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  1. #1
    Veteran Member Jay4200's Avatar
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    Default Need ideas for yard flattening drag

    This is slightly off-topic, since I'm planning on using a utility ATV as a puller, but pretend it's just a teeny tractor (it's tires are pretty close to AGs), and we'll be all set...

    I need to flatten a lumpy yard. Ideally, I'd like the run the whole thing over with a Harley rake, but I don't want to run any machine big enough to pull one over my brand new septic system. My septic is new last fall, so after it's first winter, the area is somewhat lumpy from final settling. I want to make a drag that will flatten and finish the soil.

    I was thinking of making a low-budget blade-type structure that I could drag behind my ATV. Please refer to the attached picture:

    The front and back of the drag is 2x2 angle iron. Attached to the angle iron are two skiis on either side, and a row of scarifying teeth under the front piece of iron, all made from cut 1/8" plate. A 2x8 or 2x10 in the front would give the blade height, and the space between the front and rear angle iron pieces provide a spot to pile cinderblocks for weight. A section of chain-link fence would drag from the rear.

    My idea is that the drag would run with a small pile of dirt in front of it, which would fill low spots, the front edge would scrape off high spots, and the fence will provide a final smoothing. The skiis on either side would provide the level reference, and the scarifying teeth just seem to be a good idea.

    Any comments or ideas?

    Thanks - JayC
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  2. #2
    Super Star Member Egon's Avatar
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    Default Re: Need ideas for yard flattening drag

    That looks good. Perhaps think of being able to angle it in either direction.
    Egon
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  3. #3
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    MrJimi's Avatar
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    Default Re: Need ideas for yard flattening drag

    A long time ago, I built a spiked harrow made with scrap rebar very simular to the one that northerntool.com sells with better than great results, very simple and very effective, I tried the chain link fence and that did nothing but create lots of dust. Here is a link to northerntools version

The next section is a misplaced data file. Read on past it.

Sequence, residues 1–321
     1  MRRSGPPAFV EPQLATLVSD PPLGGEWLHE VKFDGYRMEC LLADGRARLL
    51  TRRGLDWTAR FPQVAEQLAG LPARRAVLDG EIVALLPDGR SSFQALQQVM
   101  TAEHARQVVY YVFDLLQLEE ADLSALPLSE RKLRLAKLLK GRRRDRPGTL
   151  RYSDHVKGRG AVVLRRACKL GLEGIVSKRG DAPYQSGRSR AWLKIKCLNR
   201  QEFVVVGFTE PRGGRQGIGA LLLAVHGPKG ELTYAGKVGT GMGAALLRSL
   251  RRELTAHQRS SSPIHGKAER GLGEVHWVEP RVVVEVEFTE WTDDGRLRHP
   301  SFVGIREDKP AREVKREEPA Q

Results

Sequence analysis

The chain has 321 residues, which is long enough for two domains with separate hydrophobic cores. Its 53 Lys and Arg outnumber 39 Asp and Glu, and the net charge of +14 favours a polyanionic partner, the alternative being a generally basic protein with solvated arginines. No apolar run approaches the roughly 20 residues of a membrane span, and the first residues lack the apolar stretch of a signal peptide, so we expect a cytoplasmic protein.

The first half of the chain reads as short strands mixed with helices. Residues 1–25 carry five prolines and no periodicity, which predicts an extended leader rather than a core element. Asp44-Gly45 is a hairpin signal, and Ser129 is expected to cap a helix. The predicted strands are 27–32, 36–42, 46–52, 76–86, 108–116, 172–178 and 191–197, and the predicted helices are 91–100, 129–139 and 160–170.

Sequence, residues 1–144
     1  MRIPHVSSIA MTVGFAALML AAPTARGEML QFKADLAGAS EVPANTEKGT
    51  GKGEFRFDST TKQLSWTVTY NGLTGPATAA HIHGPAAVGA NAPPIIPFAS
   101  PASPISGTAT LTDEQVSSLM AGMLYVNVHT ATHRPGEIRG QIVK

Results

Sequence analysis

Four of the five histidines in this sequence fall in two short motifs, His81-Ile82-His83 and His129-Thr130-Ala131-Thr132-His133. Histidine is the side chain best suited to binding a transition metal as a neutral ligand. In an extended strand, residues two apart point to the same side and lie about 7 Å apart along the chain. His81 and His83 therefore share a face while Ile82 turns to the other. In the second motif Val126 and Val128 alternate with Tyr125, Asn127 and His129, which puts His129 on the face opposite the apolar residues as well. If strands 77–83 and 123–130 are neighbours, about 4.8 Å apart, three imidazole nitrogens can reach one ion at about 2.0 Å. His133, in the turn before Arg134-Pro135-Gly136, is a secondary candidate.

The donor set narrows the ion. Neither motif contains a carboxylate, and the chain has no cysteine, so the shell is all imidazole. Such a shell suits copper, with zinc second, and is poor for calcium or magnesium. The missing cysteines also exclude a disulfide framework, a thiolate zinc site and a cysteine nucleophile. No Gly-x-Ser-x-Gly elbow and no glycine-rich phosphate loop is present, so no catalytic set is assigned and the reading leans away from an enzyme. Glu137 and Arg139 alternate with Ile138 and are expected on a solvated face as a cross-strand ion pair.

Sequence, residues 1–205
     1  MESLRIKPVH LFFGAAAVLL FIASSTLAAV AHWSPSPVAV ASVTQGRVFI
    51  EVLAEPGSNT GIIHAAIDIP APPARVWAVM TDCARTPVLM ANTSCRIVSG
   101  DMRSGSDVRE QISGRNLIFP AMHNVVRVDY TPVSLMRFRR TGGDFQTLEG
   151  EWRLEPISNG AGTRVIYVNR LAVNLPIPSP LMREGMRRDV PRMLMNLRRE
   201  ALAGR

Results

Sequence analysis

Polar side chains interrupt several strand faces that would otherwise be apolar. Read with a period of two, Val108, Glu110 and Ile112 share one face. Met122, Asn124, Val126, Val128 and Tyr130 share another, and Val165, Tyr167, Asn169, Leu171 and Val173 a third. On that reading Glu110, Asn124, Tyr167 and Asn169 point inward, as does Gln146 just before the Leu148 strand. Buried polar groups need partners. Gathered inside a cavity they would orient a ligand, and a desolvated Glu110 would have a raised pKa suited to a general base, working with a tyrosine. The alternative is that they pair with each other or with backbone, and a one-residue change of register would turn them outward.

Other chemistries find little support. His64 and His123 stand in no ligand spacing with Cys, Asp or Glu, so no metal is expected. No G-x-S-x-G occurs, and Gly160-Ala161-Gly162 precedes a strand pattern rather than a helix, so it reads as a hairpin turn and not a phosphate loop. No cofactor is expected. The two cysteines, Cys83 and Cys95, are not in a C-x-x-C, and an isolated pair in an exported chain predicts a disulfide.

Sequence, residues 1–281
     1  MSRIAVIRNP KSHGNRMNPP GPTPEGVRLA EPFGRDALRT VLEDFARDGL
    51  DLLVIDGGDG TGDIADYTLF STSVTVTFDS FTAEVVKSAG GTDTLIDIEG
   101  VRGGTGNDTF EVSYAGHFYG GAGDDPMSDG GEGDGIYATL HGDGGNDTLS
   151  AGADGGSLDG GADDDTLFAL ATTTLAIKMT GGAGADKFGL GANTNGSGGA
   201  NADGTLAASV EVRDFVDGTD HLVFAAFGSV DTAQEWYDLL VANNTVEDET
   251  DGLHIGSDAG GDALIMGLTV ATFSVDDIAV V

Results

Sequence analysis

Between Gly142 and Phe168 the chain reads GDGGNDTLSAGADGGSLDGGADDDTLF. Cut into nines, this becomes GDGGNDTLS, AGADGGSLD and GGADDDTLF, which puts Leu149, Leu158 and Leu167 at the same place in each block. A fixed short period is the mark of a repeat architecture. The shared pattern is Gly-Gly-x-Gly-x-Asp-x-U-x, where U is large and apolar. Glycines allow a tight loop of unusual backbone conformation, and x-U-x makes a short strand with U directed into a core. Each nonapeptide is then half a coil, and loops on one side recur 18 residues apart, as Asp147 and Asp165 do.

Howse Spike-Tooth Harrow 3-Point, 7ft. Length | Category 1 Attachments | Northern Tool + Equipment

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    Case 1845C with dirt bucket, forks, 3 point quick hitch on the front, 30'. boom, 6 & 1/2 foot disc harrow, 5 foot Howse RC, root and tree bucket and Grouser tracks and a Ford F-550 pick up,7.3 Turbo with Auto and a Crosley 25' X 8'.6" X 14 K D/O trailer.
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  4. #4
    Platinum Member SkunkWerX's Avatar
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    Default Re: Need ideas for yard flattening drag

    Jay4200,

    In concept it looks good, but, unless that thing has a good deal of weight to it, it may just run up over any pile of dirt.

    That's the problem with not having a solid hook-up for it.
    Think about a weight box, or some tractor weights to ride on top of you drag.

  5. #5
    Elite Member RonMar's Avatar
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    Default Re: Need ideas for yard flattening drag

    That looks good, and appears to leave room over the plate for adding weight, perhaps cinder blocks.

    You will probably need a rigid bar to attach it to the ATV hitch so that the plate stays relatively level.. If you draw it with a chain/cable or a rope, unless the depression is narrower than the drag, it will most likley follow the profile of the terrrain and not dump any built up soil into the depression.

    I see you have a small ramp out in front of the diggers, You might want to raise and extend it a little. With nothing out in front of the diggers, it might make depressions worse as it cuts into the face as you drag it out of the depression. This dirt might get left on the edge as the scraper crests the rise, steepening it instead of lessening it. Think road grader with the blade between the wheels. As the blade hits a high spot it digs in and cuts it off, dragging that dirt along. As the blade approaches a low spot, the rear wheels are still on the level ground and the blade maintains height over the low spot allowing dirt to pass beneath and fill the hole. the effect I describe might not be so bad though if you can run over the depressions from different directions. A set of drop down wheels on the sides might also be handy for transport and would also allow you to lift the cutters comming out of a hole or where you don't want to dig in.